By Katherine Hodge, Public Education Coordinator
Everyone may hate flossing, but I bet no one knows how long humans have been doing it. Some form of rudimentary dentistry has been around for thousands of years. Though you’ve probably seen those terrifying old-timey exhibits in museums sporting life-like dentist mannequins pulling teeth, dentistry has a tremendous amount of versatility and variability through time and between cultures.
Scourge of the Tweens
Braces seem like a relatively modern invention for torturing young children in middle school, but they have a much longer history. Braces were not always meant for the living. Archaeologists have discovered ancient Egyptian mummies that have elaborate wire braiding to ensure teeth stay in their proper place. While this practice would have been excruciating for a living individual, on the dead, it served a more long-term issue. Some archaeologists believe that the Egyptians used this kind of braces to ensure a life-like appearance after death to be set for the afterlife. As evidenced by the photo on the left, this system would not work well for consuming food. Though not practical while alive, it would have been valuable in the afterlife.
Egyptians are not the only culture that developed braces; the Etruscans also invented a type of braces, but it was used on living people. These braces were far more functional than the Egyptian wires looped in and around teeth. Etruscan braces were intended to prevent teeth from completely falling out and ensuring that the person could still chew and eat with them. These braces were not the metal brackets we think of today. Instead, the Etruscans would encircle the teeth with a combination of gold and animal sinew to secure their location. This meant that the loose teeth were tied to healthy ones, ensuring they stayed in the correct place and were functional.
Cavities are a problem that most people have to deal with at least once in their life, but they weren’t nearly as common thousands of years ago. Modern diets contain high amounts of processed sugar, resulting in much higher rates of cavities. Ancient diets, however, were much plainer. The vast majority of people did not have access to fancy and expensive ingredients, like sugar. Cavities in the ancient world were much more commonly a result of wear and tear. The only way to produce flour for bread was to grind it between two stones, resulting in a high concentration of sand and grit that would slowly wear down teeth to nubs over time. This exposed the inner part of the tooth and caused cavities. Due to the lack of effective medicine, these cavities only grew worse with time to the point that they eventually killed some people. Though cavities are present throughout the archaeological record, archaeologists have also discovered several old recipes for toothpaste. It seems that while the idea of cleaning one’s teeth with toothpaste was fairly common, the concept of a toothbrush did not come to be until modern times.
Humans find different qualities attractive based on the society and culture they are in as well as personal preferences. This is what motivates people to change the shape of their skulls with bindings, get plastic surgery, or pierce their ears. Some cultures change, or modify, their teeth to make themselves more attractive. In the Indonesian culture of Mentawai, filing one’s teeth into points is considered beautiful and is celebrated as a coming of age moment for young women.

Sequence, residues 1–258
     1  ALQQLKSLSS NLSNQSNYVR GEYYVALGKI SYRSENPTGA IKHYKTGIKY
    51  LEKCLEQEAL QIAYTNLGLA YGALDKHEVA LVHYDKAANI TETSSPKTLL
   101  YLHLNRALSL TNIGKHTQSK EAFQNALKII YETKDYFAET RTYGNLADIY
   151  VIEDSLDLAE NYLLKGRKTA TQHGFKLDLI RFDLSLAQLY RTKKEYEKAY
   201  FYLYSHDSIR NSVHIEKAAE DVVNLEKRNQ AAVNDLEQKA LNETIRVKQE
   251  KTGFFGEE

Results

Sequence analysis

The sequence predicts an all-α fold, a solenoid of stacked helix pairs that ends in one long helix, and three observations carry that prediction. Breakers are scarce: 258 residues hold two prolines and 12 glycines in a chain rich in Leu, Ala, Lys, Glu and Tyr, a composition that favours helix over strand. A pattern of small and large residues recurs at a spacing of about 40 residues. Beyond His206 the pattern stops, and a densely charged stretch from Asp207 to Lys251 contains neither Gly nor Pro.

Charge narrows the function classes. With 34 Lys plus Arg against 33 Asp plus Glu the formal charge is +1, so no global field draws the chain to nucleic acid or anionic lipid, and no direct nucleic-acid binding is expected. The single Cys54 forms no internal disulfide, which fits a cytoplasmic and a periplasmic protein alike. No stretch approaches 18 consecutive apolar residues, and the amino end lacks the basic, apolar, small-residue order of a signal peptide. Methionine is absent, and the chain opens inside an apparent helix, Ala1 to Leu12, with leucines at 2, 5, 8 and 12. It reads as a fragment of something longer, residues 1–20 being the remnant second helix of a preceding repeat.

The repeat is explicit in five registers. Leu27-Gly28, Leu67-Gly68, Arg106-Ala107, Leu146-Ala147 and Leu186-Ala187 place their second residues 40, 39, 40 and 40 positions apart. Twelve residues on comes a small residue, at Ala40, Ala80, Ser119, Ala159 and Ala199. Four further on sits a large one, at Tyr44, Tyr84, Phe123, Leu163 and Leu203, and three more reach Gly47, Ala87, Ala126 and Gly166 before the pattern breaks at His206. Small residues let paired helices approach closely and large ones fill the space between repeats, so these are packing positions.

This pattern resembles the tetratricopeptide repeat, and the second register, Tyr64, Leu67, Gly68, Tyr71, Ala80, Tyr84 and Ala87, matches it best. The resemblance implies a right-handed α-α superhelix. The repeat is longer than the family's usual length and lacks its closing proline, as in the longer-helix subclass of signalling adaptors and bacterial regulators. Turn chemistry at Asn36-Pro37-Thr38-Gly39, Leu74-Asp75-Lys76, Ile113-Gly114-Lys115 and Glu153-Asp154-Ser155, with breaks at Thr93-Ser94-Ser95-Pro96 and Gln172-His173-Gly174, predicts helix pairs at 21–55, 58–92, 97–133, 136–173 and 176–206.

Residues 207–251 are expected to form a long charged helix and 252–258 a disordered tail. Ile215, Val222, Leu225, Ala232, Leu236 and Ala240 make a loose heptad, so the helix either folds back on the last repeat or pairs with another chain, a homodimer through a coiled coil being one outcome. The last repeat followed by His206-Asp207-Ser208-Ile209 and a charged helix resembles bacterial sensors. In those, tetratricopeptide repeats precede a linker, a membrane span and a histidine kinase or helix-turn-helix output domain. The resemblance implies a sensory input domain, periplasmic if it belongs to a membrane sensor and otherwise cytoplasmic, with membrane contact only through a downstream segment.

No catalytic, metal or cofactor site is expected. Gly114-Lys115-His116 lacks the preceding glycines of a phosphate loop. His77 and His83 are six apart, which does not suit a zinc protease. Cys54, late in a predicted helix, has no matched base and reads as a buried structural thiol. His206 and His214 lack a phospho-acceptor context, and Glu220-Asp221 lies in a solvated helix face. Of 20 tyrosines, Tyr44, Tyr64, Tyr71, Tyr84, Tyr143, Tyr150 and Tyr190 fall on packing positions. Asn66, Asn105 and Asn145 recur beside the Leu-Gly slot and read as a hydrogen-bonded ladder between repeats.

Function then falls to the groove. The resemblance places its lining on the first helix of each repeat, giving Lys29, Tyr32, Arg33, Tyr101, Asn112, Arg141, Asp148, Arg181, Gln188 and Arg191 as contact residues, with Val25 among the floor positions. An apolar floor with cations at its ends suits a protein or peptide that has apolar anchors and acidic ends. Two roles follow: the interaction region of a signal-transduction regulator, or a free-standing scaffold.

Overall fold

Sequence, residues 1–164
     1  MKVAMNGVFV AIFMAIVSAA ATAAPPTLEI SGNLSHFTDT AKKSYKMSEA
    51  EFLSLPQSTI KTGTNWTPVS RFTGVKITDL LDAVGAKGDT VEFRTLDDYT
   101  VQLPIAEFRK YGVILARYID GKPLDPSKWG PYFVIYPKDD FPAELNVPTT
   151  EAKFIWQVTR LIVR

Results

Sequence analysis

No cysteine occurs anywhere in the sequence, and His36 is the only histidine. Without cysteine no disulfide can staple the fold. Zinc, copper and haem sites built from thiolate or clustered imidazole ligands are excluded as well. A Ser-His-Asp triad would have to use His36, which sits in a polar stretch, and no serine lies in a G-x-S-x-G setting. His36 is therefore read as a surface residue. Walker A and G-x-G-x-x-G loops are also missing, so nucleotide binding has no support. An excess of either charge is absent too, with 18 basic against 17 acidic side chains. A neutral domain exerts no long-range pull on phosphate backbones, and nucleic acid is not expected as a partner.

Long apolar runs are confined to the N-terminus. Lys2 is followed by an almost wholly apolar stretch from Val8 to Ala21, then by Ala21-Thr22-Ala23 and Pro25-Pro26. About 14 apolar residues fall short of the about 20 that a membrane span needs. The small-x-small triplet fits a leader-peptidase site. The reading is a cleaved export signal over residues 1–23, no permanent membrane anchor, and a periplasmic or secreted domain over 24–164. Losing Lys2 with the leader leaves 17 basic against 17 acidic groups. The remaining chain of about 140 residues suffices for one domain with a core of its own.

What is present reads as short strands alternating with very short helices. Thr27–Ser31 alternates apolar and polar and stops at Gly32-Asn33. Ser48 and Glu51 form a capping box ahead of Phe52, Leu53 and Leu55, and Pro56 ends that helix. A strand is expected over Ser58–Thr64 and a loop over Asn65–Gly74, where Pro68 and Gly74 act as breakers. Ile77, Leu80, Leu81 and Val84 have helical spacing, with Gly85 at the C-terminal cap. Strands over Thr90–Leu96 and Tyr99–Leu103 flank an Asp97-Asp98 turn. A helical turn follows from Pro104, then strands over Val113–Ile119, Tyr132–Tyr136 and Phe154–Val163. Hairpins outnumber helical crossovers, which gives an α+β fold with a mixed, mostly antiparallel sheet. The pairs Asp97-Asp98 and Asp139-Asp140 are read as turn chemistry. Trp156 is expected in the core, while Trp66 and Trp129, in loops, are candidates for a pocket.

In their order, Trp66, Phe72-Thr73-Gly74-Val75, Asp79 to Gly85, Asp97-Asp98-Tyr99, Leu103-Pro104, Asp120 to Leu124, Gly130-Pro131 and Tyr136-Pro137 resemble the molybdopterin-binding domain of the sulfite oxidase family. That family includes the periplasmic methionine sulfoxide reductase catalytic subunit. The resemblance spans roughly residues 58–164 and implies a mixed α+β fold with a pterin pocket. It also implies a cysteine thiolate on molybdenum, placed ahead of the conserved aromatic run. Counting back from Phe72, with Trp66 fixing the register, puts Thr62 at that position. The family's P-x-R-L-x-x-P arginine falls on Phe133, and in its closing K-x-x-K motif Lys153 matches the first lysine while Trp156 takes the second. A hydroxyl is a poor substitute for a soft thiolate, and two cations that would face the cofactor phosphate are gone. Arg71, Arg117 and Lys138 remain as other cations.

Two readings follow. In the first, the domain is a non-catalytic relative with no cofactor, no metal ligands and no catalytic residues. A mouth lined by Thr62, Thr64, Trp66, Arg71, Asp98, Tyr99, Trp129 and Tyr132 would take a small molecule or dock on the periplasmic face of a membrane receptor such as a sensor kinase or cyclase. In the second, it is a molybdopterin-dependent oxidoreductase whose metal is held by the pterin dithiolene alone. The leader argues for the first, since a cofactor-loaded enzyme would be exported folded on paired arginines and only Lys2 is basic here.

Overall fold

In addition to filing, drilling was also widespread in ancient times. The ancient Maya believed that placing gems in the visible front teeth was very beautiful. Archaeologists have discovered that this practice was slightly more common for women, but both genders sport this fashion. Common gems used included jade, turquoise, and quartz. The implanted gems were usually circular. Ancient dentists were so skilled at placing these gems that archaeologists have found many Mayan skulls that still sport the look.
Another, less permanent type of dental modification, is dying one’s teeth black. This practice was done in ancient Japan as well as in parts of Vietnam and other Southeast Asian countries. Though it may not look it, this practice has a medicinal component that coats and protects the tooth, allowing them to last longer. Tooth blackening similar to filling teeth down into points, was a coming of age ritual. It was something that indicated that woman was ready for marriage. In Japan, the custom was seen as very beautiful and many young women did it to look more attractive. Eventually, this practice fell out of fashion when Japanese Empresses appeared in public with white teeth.
Archaeologists love teeth. They can tell us about diet, where the person grew up and how much they traveled during childhood, as well as the person’s age and general health. Thanks to human fashion, teeth can also show us what is considered to be attractive. Archaeologists can learn about past technology and medicine from teeth. Teeth show us a great deal about our ancestors, and it is fun to imagine what future archaeologists will think about us based on our teeth.